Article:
Taiwan was retained in the “Advanced Emerging” market category in the latest annual country classification review released by the FTSE Group yesterday.
The nation has been on the global index provider’s watch list for an upgrade for several years, but FTSE said in a press release that Taiwan would be reviewed again in September next year for possible promotion to the category of “developed” market.
“I believe the result should not have a negative impact on the stock market,” said Kevin Chung (鐘國忠), an analyst with Jih Sun Securities Investment Consulting Co (日盛投顧). “An upgrade by FTSE to ‘developed’ market would mean the market is less risky for investors and therefore they would add more local shares to their portfolios, but Taiwan has to open up its markets more to gain that status, which could be a risk to Taiwan as the market is small and more vulnerable to ups and downs.”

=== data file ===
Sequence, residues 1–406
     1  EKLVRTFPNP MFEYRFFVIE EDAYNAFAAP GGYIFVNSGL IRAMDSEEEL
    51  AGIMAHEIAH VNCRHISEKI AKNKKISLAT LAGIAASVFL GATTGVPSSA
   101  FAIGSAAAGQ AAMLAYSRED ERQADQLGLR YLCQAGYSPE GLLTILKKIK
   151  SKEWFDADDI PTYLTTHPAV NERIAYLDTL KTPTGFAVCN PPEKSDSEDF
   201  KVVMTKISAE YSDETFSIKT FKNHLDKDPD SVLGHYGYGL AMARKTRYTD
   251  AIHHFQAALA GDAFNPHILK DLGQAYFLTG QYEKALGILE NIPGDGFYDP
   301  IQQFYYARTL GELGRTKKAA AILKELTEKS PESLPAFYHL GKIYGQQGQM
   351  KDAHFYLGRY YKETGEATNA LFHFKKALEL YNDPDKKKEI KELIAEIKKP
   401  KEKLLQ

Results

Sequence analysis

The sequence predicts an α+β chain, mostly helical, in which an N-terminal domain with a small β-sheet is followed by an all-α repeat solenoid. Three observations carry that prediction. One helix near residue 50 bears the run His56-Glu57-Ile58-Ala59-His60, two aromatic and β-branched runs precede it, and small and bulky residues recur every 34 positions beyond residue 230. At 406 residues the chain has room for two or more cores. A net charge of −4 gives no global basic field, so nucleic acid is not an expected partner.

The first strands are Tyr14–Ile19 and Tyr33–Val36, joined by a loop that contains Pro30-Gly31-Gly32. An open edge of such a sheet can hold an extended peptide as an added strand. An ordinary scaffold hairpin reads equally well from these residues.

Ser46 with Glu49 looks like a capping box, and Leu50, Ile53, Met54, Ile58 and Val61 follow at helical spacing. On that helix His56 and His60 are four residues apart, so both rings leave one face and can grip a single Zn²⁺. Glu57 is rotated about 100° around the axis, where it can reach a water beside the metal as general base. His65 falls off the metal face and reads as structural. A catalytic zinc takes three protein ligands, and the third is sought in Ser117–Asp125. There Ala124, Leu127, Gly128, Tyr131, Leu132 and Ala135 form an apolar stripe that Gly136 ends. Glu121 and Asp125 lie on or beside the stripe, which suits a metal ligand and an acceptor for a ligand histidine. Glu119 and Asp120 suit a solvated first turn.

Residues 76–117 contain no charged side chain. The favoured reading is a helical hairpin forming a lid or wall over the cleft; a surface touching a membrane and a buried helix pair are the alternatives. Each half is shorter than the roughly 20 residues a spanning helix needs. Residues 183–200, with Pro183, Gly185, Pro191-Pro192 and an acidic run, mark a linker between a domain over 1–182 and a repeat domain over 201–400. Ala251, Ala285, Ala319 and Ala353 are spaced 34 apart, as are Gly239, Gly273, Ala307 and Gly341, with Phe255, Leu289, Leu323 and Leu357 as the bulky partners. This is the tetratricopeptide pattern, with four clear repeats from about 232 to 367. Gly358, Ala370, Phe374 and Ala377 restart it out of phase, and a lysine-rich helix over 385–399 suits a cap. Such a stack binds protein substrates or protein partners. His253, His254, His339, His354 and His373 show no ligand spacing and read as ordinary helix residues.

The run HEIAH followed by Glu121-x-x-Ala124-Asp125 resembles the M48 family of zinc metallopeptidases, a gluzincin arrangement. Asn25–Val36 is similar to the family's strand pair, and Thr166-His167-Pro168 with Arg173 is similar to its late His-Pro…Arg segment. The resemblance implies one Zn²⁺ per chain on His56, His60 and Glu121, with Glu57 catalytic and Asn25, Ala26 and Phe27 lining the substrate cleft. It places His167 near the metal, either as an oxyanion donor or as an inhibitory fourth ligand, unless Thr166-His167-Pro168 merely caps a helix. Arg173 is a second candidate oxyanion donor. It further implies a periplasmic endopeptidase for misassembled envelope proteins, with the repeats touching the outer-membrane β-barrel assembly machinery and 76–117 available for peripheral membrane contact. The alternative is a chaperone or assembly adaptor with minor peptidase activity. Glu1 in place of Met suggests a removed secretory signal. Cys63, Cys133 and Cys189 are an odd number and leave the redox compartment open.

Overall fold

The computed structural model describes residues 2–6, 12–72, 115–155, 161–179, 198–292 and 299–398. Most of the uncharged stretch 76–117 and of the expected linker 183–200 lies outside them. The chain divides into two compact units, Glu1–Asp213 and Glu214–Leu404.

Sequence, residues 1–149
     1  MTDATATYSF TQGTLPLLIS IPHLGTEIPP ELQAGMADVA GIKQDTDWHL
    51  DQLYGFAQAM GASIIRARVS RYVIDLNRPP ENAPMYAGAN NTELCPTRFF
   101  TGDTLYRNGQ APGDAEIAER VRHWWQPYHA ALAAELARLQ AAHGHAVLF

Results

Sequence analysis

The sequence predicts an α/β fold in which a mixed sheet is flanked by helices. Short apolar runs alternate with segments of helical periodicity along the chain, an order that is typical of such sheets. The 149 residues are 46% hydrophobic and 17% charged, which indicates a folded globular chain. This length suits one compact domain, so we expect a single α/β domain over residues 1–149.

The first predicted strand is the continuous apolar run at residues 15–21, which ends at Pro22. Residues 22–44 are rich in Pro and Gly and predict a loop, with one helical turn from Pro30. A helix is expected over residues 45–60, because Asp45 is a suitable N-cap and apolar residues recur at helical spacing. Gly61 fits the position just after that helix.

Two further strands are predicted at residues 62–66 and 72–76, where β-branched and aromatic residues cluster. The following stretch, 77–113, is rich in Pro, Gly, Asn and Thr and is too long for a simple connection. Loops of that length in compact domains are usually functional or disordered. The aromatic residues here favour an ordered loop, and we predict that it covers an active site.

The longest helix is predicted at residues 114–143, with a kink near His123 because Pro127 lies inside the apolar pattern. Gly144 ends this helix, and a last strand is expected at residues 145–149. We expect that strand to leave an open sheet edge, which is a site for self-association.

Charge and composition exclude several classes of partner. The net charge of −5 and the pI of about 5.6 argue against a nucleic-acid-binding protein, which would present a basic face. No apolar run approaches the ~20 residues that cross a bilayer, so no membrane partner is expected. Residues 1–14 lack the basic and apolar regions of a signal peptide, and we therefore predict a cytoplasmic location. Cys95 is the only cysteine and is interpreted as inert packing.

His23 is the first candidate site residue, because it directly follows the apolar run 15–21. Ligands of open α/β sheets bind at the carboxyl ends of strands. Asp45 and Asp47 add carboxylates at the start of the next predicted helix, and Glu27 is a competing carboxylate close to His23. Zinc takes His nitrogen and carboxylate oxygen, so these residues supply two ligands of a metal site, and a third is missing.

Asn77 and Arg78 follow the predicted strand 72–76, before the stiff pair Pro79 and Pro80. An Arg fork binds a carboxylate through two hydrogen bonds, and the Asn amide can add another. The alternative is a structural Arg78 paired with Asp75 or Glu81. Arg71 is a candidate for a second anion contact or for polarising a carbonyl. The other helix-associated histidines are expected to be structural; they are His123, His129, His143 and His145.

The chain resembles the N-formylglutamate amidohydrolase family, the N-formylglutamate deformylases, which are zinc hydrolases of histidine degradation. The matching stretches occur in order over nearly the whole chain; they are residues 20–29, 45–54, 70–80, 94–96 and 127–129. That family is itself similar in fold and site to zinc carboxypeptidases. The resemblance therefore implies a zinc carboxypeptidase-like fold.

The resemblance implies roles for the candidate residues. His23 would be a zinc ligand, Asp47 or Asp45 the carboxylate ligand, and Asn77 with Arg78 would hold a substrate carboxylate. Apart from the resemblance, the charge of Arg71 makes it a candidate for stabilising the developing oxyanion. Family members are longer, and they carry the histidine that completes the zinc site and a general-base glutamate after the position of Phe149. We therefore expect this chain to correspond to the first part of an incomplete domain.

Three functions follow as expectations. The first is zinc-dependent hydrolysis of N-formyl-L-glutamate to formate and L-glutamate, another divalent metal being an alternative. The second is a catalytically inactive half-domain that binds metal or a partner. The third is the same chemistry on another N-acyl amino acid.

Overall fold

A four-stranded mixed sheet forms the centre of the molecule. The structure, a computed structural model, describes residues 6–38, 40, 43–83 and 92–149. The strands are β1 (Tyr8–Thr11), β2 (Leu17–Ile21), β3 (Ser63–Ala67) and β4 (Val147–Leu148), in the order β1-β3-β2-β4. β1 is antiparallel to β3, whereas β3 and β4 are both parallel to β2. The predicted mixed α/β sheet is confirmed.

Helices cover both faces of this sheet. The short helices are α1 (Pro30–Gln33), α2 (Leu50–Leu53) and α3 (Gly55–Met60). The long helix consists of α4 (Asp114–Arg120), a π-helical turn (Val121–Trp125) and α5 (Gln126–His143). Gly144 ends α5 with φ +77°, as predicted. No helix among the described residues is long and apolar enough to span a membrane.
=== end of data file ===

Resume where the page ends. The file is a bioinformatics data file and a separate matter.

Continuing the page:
South Korea was upgraded to “developed” market last year, joining Hong Kong, Japan and Singapore.
Under FTSE’s quality of markets criteria, the Taiwanese stock market was less open to global investors, with six categories listed as “restricted,” including a “free and well-developed foreign exchange market,” “stock lending permitted” and “off-exchange transactions permitted.”
In the FTSE’s latest review, the Czech Republic, Malaysia and Turkey were upgraded to “advanced emerging” from “secondary emerging” markets, while China, Colombia, Greece, Kazakhstan and Kuwait are still on the “watch list” for possible inclusion or promotion.
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